Be(A)ware Of Your Self Serving Bias
April 11, 2021
It is a normal human tendency to take credit for positive events or outcomes when they happen but blame outside factors when anything negative or wrong happens.
When things go well, we want everyone to give us credit. “I delivered on the goals. I am really good, and I deserve a promotion and a big pay rise,” we say to ourselves.
When things don’t go well, we start looking for excuses. ” The targets were improbable. What support did I get? No one appreciates my efforts. It’s always about the results,” We tell ourselves defensively.
We All Display Self-Serving Bias
As you are reading this, you may be thinking-” hmm, not me. Thank god, I am not like this. I give credit to others liberally when good outcomes happen.” Its easy to be positive when everything is positive. But what about when things are not going in your favor.
Self Serving bias is very insidious and often unconscious. It is that rush of indignation that rises inside you when your boss tells you that the results are not good. It is that urge to hit back with all the external factors or reasons you believe prevented you from achieving the results. “Why can’t others see what I am seeing?”-It is that belief that you are right and others are wrong.
Become Aware Of Your Self Serving Biases
Self-serving bias is a huge impediment for personal development because it blinds us to the possibility of our limitations and gaps. It prevents us from taking responsibility for our actions when adverse outcomes happen. More dangerously, it impairs our ability to learn from mistakes, failures and distorts our judgment.
Success and failures are two sides of the same coin of our life. Learning from our failures is how we succeed. If we cannot attribute our failures to mistakes we may have made; then personal improvement is unlikely because all we are thinking is, “I did no wrong!!”
My intention is not to portray self-serving bias as some horrible trait that only weak people suffer from. On the contrary, self-serving bias is an essential factor contributing positively to our self-esteem. It helps us feel competent and good about ourselves.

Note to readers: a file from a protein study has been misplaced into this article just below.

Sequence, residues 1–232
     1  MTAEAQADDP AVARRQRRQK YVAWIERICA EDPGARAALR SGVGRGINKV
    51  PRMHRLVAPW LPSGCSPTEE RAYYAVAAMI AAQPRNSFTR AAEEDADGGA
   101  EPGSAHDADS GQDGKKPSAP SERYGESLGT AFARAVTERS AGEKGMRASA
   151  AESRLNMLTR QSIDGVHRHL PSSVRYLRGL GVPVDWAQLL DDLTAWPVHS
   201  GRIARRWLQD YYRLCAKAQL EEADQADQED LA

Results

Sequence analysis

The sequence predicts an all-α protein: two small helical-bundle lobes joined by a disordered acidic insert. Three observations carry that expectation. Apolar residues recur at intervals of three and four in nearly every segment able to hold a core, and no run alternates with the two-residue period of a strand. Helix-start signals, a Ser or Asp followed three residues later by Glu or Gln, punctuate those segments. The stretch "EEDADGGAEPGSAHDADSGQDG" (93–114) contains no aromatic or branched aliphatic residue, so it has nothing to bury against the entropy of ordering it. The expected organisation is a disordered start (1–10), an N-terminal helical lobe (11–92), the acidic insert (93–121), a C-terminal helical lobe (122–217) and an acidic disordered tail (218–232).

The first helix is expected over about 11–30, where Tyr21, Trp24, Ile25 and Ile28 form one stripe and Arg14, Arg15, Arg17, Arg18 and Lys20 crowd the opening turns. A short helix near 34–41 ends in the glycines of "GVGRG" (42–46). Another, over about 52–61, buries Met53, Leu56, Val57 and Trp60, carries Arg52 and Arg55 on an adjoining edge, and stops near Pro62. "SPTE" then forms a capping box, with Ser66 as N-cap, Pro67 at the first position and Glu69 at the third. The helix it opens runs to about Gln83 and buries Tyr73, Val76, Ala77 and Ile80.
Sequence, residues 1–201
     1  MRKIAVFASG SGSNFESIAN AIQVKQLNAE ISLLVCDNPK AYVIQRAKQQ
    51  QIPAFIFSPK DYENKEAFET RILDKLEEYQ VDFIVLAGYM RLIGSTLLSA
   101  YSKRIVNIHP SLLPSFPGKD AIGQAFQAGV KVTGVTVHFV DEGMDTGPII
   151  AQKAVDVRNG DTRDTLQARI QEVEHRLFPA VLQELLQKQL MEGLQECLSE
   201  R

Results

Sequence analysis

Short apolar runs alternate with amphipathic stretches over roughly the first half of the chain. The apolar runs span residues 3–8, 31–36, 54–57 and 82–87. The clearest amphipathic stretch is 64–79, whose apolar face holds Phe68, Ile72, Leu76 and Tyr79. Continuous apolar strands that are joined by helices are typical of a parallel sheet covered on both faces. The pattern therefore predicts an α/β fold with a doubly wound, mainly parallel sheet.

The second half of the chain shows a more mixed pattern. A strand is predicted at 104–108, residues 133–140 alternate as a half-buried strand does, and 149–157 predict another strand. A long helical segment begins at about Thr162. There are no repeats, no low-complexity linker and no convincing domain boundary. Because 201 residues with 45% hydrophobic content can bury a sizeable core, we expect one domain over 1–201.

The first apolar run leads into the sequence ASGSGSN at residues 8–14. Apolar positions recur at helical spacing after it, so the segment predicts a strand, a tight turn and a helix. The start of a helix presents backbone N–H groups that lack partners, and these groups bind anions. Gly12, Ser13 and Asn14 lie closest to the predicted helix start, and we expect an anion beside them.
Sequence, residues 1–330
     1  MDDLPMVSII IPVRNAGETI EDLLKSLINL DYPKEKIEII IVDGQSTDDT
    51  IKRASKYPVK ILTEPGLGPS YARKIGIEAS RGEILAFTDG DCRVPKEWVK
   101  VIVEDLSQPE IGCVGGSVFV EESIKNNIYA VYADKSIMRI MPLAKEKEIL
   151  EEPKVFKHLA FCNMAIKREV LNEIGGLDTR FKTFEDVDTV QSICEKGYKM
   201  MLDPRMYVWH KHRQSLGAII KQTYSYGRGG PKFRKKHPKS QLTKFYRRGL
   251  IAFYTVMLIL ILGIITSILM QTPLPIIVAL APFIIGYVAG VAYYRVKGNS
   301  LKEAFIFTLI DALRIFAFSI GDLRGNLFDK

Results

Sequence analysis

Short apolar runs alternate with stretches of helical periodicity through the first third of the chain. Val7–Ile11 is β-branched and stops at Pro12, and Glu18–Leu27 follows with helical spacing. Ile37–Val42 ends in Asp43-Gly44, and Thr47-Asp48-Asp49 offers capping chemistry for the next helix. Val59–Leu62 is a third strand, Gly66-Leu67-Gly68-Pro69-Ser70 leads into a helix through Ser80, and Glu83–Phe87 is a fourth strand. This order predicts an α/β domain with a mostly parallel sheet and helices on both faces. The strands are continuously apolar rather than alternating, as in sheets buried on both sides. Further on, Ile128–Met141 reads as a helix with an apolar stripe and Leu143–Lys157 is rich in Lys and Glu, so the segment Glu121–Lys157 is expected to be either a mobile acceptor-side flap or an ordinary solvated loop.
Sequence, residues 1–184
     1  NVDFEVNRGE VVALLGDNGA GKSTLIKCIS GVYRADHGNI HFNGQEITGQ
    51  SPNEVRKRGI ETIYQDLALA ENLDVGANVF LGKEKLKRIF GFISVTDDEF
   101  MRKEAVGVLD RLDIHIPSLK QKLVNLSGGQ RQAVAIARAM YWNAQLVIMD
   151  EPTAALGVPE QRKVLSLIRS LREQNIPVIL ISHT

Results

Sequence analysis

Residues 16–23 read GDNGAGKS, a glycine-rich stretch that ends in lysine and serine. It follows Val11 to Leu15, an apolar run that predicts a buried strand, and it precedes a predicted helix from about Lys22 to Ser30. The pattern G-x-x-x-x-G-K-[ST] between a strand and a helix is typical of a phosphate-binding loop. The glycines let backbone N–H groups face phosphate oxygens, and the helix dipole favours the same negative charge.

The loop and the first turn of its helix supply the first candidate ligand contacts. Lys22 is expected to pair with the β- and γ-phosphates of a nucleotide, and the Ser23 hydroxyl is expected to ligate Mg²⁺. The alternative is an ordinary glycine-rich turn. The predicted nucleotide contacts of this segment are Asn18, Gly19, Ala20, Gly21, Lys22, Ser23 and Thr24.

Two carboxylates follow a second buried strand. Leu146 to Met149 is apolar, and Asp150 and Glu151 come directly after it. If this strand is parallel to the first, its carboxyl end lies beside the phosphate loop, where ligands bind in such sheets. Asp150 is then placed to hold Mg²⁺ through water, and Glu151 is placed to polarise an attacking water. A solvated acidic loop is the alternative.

That said, understanding self-serving bias, how it appears in our life, and how we can avoid it to make better choices and decisions is essential if we want to develop ourselves.
Guarding Yourself Against This Bias
A great start point is to become aware of what the self-serving bias is and figure out how you are possibly using it in your own life. I always say this- Under the spotlight of your awareness, all negative tendencies will dissipate. When you start to notice your own biases, you win a big part of the battle.
Two, develop thick skin. Get comfortable with criticism. Try not to let criticism undermine how you feel about yourself. See it as an opportunity for improvement rather than a personal attack.
Everyone suffers from a self serving bias. However, with awareness, if you can deliberately train yourself to avoid this bias, you get a significant advantage over everybody else because you acquire the superpower to learn from your mistakes.
Examples Of Self-Serving Bias
- Good grades happen. You say “my preparation was excellent.” Bad grades happen in a different test, and you say the teacher was biased or the test covered topics not taught in class.
- You get into an accident, and you blame the other party for the mistake and vice versa.
- There is a tough business situation where you are forced to take a business call, and it turns out well. You start attributing this to your smarts even though there could have been a significant luck factor involved.
- You lose a big sales deal. Instead of looking at what you could have done differently, you try to convince yourself and your management team that the decision-makers were biased against you. You rationalize that you were never going to win the deal.